Top-down and bottom-up planning methods are two of the most popular approaches used in the construction industry. And building diaphragm walls is one of the most crucial stages of construction in building a deep basement structure using either top-down or bottom-up method.
Heritage Infraspace (India) Pvt Ltd (HIPL) is ranked as one of the best construction companies in India for its deep basement and underground construction services like diaphragm wall construction services in India for both top-down and bottom-up construction methods. Here, we brief you about how construction of the diaphragm wall in dams, metro stations, basement parking, etc. works, on both top-down and bottom-up construction.
What is top down and bottom up construction?
Tall buildings with deep basements and underground constructions like parking lots, underpasses, and subway stations are the two principal types of urban structures for which the top-down technique is applied. The technique has been applied to deep excavation projects where soil movements needed to be kept to a minimum but tieback or anchor installation was not an option. In this way, it is often possible to shorten the entire building period.
Buildings with underground basements are typically created using the bottom-up approach, where substructure and superstructure floors are built one after the other, starting at the lowest level of the basement and working their way up.
Although this traditional approach, often known as the bottom-up approach, is straightforward in both design and construction, it is not practical for large-scale projects with constrained construction time or site conditions.
Diaphragm construction in both bottom up and top down construction
Diaphragm walls help form the perimeter walls of the excavation site and push the surrounding soil back, preventing the excavation site from collapsing. A hydro fraise machine is typically used for diaphragm walls. A special blade attached to the boom arm of this machine allows a bentonite slurry to be pumped down to the cutters, preventing the excavated area for the wall from collapsing.
The cutter descends to the desired level, and the slurry mixture aids in the preservation of the shaft. Rebar cages are then lowered into the shaft to provide reinforcement for the being built wall.
While one wall is being finished by pouring concrete and pumping out the bentonite slurry, the process on the opposite side begins. Depending on the soil quality, it is sometimes possible to build diaphragm walls on both sides at the same time. HIPL has, in the past, achieved this feat, making it one of the trusted construction companies in India. Rebar is lowered into the completed shaft for wall reinforcement once more. Once all of the walls are completed, the excavation site will have a rigid vertical structure to keep the surrounding soil from moving and collapsing into the excavation area.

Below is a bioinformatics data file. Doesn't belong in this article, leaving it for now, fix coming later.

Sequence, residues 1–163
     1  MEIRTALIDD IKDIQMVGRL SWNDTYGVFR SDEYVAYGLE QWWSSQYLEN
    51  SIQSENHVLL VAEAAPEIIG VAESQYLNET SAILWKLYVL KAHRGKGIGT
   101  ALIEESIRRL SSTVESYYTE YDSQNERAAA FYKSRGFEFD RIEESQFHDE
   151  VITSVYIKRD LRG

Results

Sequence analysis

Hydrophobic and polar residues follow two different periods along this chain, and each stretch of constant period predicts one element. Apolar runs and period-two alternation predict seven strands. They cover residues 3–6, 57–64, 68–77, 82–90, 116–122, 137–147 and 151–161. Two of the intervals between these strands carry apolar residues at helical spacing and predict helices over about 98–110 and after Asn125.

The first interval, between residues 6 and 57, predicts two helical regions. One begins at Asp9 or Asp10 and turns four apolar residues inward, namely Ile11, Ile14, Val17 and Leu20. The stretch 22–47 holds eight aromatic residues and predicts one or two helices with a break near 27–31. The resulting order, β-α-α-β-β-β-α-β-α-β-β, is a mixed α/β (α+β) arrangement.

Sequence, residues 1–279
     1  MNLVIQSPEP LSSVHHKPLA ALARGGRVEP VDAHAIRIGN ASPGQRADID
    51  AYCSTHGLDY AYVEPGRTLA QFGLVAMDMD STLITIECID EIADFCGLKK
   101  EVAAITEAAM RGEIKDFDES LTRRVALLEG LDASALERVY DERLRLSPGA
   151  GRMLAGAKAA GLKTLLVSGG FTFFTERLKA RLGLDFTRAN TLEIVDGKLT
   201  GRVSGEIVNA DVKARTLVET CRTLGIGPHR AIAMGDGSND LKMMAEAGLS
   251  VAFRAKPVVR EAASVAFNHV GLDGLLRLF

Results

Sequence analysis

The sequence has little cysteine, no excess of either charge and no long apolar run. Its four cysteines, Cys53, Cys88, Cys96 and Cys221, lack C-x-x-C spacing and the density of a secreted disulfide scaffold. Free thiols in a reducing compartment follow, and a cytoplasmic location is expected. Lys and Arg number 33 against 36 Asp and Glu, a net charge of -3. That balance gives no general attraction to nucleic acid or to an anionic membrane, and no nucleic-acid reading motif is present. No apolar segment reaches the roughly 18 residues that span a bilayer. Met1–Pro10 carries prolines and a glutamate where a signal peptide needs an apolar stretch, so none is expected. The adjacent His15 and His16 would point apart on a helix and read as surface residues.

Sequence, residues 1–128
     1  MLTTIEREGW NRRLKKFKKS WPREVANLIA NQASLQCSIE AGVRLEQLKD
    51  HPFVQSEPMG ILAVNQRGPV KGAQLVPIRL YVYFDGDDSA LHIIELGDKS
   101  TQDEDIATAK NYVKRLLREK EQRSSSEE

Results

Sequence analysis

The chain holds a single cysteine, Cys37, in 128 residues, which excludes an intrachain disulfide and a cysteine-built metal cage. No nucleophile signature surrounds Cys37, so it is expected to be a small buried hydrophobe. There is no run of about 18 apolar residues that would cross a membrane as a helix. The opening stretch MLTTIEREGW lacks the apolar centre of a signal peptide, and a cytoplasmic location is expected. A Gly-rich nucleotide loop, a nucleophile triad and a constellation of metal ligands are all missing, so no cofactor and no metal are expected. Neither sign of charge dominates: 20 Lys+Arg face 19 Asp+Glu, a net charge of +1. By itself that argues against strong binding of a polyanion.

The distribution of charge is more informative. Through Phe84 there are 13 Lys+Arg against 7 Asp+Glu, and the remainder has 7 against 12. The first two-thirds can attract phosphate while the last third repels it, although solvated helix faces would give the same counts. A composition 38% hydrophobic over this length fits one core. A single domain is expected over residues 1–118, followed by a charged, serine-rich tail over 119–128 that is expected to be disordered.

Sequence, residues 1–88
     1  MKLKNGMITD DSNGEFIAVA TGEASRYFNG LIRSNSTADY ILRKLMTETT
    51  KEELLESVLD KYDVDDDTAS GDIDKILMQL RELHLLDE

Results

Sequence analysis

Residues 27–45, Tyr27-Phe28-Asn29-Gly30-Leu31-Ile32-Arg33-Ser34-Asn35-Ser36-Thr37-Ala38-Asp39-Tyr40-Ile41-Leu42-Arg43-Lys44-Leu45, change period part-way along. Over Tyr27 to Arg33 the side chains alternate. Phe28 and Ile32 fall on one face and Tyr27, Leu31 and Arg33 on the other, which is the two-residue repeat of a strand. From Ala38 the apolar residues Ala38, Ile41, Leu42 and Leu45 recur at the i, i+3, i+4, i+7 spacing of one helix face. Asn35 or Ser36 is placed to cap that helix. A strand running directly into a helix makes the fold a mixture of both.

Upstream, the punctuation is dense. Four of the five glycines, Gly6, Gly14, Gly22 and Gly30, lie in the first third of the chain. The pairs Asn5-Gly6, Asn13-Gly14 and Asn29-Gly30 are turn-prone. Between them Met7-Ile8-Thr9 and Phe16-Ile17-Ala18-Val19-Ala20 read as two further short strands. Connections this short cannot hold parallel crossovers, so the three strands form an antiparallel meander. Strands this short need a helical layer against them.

When providing diaphragm wall construction services in India, once the excavation begins, posts or piles are driven into the ground to act as pillar supports for the earth retaining system. The struts are then installed as the next component of the earth retaining system. These are the horizontal braces that push the diaphragm walls apart and prevent them from inward movement.
Struts are installed at regular intervals to keep the diaphragm walls apart as the excavation progresses downward. The base slab is cast once the desired level is reached. In top down construction, the roof slab is cast before excavation begins. Access shafts in the roof slab are constructed to allow for the delivery of machinery and materials below for further excavation of the lower floors.
The intermediate level slabs are now cast, and struts removed as the structure takes shape. As the structure takes over the function of the struts in holding the walls apart, the struts can be removed as the structure rises.
The slab casting continues upwards in the bottom up construction, as does the strut removal. Once the roof slab is cast, preparations for the construction of entry points begin with the removal of the final layer of struts.
All struts are removed once the walls of the entry points are up and the roof slab is complete. Post this, the diaphragm wall construction gets completed and the next stage of construction of the basement continues.
The points of distinction
The top-down approach provides for minimum acquisition or demolition during development while allowing excavation to go on in heavily populated regions. Although switching back and forth between different procedures makes it slightly more difficult than the bottom-up approach, it enables the construction of stations in heavily populated locations.
Working in such areas is difficult due to the slabs being cast as the excavation progresses downwards, especially for a diaphragm wall used in dams. The availability of fresh air, as well as adequate lighting, is critical for the continuation of work. Crane access is not restricted up and down the sides of the excavation during bottom-up construction. This method is faster than the top-down approach for sites large enough to have a perimeter area to accommodate construction equipment and when the excavation is not wide.
But, a major point of advantage for top down construction is that it requires little or no temporary steel shoring, as a result producing good cost savings. Further, it requires no formwork for floors or roof too, which means significant savings in cost and time.
HIPL has been providing crucial geotechnical solutions for large-scale residential and commercial construction, dam projects, metro and subway systems all over the country for over a decade now. To know more about our construction projects in India or to collaborate with us on your upcoming projects, get in touch with us today. Send us an email on email@example.com or call 079 26840355